Congratulations, you have set up the repositories. The next step is to create the configuration files used to update the systems.
Creating YUM Configurations
you would create the following configuration file:
yum-rhel4-i386.tar.gz for RHEL 4 on i386
Once YUM is installed, you only have to issue the following command to start the update process:
Replace quarter with the quarter information (e.g. q3) or the current keyword, and release with the release/platform information (e.g. rhel5-x86_64)
Monitor the system console to ensure that it boots up without any issues. Make sure that all services on the system start up correctly.
mkinitrd initrd-(kernel).img (kernel)
PATCH System Build
The following are the specifications for PATCH.PVALENTINO.ORG. This is a fairly basic Red Hat installation, with only Apache as its major service.
Log into aixapp as root, create a temporary directory (i.e. mkdir /tmp/patchwork), and change to that directory. Copy the LatestFixData51 file that you downloaded into this directory. Then run:
This will generate two files: /tmp/lowerthanmaint.rpt and /tmp/lowerthanlatest1.rpt. The lowerthanlatest1.rpt file is what we need. Copy it to your workstation, and then go to:
That page lets you upload the lowerthanlatest1.rpt file, and get a customized list of what fileset updates you need. Click the Browse button on the page, select the lowerthanlatest1.rpt file, and then click Submit. On the next page, make sure all three checkboxes are selected. Select the operating system revision from the dropdown (use the oslevel -r command on lmsappdev to determine this), and then click Continue.
Installing the Patches
First thing you should do on your target system is to check to make sure that any previously applied patches were committed correctly. Log into the system as root and run installp -s. This will show all software updates that are applied but not committed. If nothing is returned, then you're ready to go. Otherwise, you will need to apply the previous updates by running installp -c all (as the root user.)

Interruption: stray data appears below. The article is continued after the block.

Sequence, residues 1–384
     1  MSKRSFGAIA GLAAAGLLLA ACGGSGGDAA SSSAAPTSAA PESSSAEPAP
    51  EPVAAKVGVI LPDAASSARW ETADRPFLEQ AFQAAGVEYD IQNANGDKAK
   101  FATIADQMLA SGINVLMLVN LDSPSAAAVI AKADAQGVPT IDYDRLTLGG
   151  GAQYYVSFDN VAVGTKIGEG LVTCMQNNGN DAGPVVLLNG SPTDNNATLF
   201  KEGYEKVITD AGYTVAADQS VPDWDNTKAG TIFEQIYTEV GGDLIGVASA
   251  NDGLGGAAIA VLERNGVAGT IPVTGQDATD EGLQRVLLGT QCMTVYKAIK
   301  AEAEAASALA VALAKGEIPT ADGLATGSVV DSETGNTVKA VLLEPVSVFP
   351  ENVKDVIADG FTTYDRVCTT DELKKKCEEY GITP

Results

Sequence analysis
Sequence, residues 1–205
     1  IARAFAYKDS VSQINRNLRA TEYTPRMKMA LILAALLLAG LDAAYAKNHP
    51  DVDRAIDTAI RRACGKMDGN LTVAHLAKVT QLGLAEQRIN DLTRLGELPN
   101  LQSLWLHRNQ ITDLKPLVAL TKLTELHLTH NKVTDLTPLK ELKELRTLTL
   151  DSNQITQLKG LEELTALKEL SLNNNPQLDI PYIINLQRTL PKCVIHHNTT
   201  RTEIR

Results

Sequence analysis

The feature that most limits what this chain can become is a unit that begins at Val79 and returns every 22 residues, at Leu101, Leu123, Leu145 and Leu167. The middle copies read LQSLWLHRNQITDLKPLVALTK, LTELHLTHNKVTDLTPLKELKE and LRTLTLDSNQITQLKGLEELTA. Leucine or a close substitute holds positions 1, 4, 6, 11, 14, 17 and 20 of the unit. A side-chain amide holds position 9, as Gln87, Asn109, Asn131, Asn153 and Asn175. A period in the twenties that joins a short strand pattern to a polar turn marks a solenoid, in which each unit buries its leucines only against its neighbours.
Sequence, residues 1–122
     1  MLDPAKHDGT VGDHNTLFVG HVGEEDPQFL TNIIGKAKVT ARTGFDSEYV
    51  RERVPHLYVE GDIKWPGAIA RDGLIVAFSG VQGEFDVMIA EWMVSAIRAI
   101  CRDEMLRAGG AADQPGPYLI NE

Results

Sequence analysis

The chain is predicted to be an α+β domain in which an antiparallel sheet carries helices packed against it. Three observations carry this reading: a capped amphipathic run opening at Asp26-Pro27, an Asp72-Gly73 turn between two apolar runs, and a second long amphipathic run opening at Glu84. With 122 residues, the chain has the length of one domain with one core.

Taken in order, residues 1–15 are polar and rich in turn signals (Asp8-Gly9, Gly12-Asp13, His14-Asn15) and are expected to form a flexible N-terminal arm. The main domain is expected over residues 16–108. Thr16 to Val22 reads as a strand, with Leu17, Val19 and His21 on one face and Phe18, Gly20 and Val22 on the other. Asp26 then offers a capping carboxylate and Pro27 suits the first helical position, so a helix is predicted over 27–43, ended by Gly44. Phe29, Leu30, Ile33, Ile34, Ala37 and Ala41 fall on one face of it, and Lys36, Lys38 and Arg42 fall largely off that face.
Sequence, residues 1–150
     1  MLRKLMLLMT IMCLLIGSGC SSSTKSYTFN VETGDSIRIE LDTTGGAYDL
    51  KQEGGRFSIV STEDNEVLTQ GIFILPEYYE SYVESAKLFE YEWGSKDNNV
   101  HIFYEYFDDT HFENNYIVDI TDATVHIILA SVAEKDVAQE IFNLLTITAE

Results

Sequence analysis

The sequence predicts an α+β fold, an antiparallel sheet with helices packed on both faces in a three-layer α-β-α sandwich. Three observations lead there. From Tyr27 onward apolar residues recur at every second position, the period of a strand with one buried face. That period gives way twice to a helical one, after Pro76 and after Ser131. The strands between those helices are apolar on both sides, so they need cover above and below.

After all the patches are installed, the system must be rebooted. If possible, monitor the system console, and make sure the system comes back up normally. If you don't have access to the system console, be advised that it can take 10-15 minutes for the system to become accessible again.
PVALENTINO only has three Solaris systems: sun1, sun2, and sun3. These are all running Solaris 8 on the SPARC architecture.
Installing the Patch Cluster
Create a directory in a filesystem on the target machine that has enough space, change to that directory, and transfer the previously downloaded 8_Recommended.zip file there. Unzip it with the command:
Its a large file, and these aren't very fast systems, so unzipping may take a while. Once unzipped, remove the 8_Recommended.zip file.
The system will reboot, and then ask for the root password to enter maintenance mode. Enter the root password, and you will be at the shell prompt.
You will see plenty of 'Return code 2' and 'Return code 8' messages. These are normal... return code 2 means that the patch was already installed, and return code 8 means that the patch was for a software package that wasn't installed on the system. For other patch codes, Google search for "Solaris Patch Codes" -- there are several lists out there. With the 'tee patchlog' part of the command, all output from the install_cluster script will be written out to a file named patchlog so that you can review all the messages later.
Be advised that it will usually take a good hour or more for it to run through the entire patch process.
Once script is completed, reboot the system by typing 'reboot'.